Live with Energy
Commissioned by the municipality of Emmen and the Foundation Living Industry.
DESIGN OF THE DOT
The Dot is bursting with energy! The blue gas globe of Enexis in Emmen has been painted and transformed into a true work of art. Four elements form the basis of the design, the four energy sources being solar energy, wind energy, water energy and fossil fuels. Artists from across the world worked on the scaffolding for no less than eight months. Transforming the globe into a Toyistic art piece is an idea that originates from late 1997. In 2004, a trust is founded and eventually results in the commencement of the painting on July 27, 2009. After just over eight months and having worked 6000 hours with seventeen Toyists, The Dot is finally revealed in a festive manner on June 4, 2010. The height of 22 meters and a surface of 1250 m2 makes this artwork unique in The Netherlands.
The four classical elements of life – Earth, Water, Air and Fire – are featured in this painting of The Dot Project to show the history of energy production. The Dot Project is accomplished through commissioning by the “Living Industry” foundation in cooperation with the municipality of Emmen, the Province of Drenthe, Enexis and Holland Coating.
The design: The 4 elements of life are represented by 4 themes that form the basis of the design, namely the 4 energy sources.
- Solar Energy
- Wind Power
- Raw Material Energy
In addition to these four fundamental themes, there is a single, central figure: the tree. The tree is a metaphor for life, energy, growth, development, and change. There are four sub-designs used. Each sub-design presents the combination or contrast of old and new forms of energy production and their applications (the sciences).
1. Solar Energy
An old form of the use of solar energy is photosynthesis; the mechanism by which plants and trees grow due to water and carbon dioxide from the air being converted into glucose. A new form is the collection of solar energy with the help of solar panels. An application is the (hybrid) car (economic science), which is charged by electricity that is again generated by solar panels. Houses are also heated by solar energy. As the rays of the sun strike the roof of the farm, energy is collected by the solar panel window.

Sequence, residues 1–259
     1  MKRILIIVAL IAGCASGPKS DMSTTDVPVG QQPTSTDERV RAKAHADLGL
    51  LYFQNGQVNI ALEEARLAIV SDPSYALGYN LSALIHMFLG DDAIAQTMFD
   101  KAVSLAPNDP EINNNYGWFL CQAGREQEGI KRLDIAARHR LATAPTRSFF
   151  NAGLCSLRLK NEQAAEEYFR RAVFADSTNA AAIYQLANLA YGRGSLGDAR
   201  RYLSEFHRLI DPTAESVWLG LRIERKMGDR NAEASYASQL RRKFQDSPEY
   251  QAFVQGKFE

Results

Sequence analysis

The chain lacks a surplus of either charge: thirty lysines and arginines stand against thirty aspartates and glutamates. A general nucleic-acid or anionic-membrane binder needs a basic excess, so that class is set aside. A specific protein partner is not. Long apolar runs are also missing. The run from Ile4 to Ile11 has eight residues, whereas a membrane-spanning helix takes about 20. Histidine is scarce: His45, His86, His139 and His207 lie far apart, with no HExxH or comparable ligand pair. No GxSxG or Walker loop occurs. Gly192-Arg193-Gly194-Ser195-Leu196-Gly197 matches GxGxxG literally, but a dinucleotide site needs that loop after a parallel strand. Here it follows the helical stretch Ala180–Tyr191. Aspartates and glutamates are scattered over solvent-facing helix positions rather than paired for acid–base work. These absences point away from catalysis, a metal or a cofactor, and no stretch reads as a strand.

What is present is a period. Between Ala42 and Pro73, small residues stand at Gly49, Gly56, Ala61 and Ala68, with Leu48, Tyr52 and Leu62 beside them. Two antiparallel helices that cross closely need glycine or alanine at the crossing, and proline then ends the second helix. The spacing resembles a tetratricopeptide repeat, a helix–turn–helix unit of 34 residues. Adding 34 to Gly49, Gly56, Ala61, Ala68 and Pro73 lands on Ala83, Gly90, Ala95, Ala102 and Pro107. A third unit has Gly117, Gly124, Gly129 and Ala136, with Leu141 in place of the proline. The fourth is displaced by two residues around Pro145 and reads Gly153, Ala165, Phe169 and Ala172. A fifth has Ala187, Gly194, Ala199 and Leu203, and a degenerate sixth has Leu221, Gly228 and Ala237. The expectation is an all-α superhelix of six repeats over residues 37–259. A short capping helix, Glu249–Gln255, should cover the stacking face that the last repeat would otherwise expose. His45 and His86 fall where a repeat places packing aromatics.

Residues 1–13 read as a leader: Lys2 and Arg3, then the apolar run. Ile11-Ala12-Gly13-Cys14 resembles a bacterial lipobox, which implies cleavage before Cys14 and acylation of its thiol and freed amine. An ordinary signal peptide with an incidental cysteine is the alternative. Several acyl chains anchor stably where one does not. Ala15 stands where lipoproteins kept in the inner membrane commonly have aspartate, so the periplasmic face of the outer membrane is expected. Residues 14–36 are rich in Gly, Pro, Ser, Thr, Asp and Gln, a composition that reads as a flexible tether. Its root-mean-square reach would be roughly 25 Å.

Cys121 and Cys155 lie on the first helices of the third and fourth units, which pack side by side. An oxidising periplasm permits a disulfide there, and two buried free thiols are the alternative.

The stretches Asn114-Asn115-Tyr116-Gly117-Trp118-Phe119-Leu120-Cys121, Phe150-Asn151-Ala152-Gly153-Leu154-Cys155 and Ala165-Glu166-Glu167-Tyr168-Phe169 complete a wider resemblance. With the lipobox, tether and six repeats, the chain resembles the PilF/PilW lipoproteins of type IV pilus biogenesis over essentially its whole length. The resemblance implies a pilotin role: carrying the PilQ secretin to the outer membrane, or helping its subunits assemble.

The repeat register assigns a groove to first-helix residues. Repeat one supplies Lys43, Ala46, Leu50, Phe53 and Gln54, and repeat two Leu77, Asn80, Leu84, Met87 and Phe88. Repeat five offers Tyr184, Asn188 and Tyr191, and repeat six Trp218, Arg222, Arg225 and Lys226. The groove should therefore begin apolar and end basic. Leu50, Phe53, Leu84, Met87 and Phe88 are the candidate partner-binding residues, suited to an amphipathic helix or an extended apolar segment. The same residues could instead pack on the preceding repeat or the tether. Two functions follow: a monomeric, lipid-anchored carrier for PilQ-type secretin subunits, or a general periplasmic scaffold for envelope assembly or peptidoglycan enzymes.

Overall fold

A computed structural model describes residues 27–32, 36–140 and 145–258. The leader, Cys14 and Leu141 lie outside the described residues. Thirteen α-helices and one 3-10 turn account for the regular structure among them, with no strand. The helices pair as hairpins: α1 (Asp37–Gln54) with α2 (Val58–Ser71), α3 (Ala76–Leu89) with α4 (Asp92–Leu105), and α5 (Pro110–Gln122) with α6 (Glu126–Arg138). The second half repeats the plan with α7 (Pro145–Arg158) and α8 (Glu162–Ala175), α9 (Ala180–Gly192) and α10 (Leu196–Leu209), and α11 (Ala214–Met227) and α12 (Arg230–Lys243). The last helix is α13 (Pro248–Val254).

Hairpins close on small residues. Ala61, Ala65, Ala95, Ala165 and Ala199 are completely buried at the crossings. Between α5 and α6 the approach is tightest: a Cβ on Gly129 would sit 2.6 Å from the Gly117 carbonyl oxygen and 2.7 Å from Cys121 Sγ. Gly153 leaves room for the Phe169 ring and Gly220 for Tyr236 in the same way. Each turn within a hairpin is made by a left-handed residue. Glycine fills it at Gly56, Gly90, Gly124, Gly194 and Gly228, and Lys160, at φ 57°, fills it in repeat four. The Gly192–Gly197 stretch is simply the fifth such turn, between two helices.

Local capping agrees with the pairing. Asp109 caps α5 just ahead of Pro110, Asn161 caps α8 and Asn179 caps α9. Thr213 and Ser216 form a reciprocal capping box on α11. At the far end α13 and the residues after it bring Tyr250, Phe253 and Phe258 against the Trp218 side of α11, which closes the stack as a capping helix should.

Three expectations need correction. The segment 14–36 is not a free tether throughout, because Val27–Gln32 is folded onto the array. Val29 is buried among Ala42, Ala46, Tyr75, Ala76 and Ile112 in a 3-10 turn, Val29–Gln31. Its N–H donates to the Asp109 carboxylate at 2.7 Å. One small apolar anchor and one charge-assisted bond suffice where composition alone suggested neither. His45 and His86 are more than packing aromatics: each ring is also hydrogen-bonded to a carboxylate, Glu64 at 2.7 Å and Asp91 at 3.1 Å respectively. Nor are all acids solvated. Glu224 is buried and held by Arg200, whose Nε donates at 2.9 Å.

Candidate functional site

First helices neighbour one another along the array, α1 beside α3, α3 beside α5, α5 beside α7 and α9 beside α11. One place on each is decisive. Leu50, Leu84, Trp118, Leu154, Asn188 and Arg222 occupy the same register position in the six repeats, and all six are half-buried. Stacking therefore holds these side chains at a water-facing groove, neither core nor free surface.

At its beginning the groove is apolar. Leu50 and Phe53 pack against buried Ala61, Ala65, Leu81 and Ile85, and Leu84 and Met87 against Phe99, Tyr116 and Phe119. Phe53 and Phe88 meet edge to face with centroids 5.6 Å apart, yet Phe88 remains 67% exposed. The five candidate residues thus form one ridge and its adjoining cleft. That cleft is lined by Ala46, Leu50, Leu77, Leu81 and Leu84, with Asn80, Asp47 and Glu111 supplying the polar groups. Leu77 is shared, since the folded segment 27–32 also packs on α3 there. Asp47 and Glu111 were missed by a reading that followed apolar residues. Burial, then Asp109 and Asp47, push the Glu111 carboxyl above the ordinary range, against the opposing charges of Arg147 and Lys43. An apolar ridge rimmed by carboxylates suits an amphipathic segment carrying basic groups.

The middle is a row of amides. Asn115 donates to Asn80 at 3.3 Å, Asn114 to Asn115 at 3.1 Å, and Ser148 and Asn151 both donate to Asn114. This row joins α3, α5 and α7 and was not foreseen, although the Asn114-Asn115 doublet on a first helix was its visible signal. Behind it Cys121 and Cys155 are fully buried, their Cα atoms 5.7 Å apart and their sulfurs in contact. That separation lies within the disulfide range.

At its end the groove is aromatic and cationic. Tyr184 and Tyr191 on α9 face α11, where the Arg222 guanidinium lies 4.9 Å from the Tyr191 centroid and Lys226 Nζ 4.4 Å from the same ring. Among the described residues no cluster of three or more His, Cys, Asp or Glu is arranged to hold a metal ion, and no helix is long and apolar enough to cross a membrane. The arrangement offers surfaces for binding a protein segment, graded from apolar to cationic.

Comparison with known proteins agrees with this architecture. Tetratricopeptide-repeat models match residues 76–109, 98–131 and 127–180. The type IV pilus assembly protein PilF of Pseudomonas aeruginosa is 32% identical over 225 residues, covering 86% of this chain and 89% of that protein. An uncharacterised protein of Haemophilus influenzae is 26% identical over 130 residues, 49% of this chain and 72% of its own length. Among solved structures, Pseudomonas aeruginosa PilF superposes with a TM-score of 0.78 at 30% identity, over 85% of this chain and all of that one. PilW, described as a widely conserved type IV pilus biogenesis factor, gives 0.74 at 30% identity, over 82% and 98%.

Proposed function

2. Wind Power
Old: the traditional windmill, where the power of the wind is converted into mechanical labour, namely for grinding grain. Link the mill with bread, and crumbs are carried by the wind to the modern wind turbines where the kinetic energy of the air is converted into, for example, electricity (new). One of the windmills blows wind into the sail of the boat, while the cabin forms from the roof of the farm. Another windmill in bird form imitates a giraffe affording a panoramic view of new applications for the future.
Old: using paddles to transfer the current of water into rotational energy a watermill, just like the old windmill, has a direct application, namely the grinding of grain or the pressing of oil. New: hydrogen as fuel. Hydrogen fueled cars are much cleaner for the environment. A large dolphin emerges from the water. Drops of water turn into goldfish and salmon.
4. Raw Material Energy
Old: coal, peat and oil. The prehistoric nodding donkeys obtain fossil fuel from the ground. The elephant stomps the ground while a huge dinosaur emerges in the background. New: bio fuels, nuclear energy. A nuclear power station discharges clouds of smoke that fly through the air like atoms. Biogas as a clean fuel: cars that run on biogas that is extracted from the ‘excrements’ of the piggy bank. Springing from the ancient peat bogs as the lifeblood and central focal point of the design is the red tree, which forms the basis for new and green energy forms. The electrical sockets in the tree deliver green power.
In addition, in the form of standalone motifs, general applications or containers of energy such as ecobunny lights and battery-insects can be seen moving throughout the whole painting.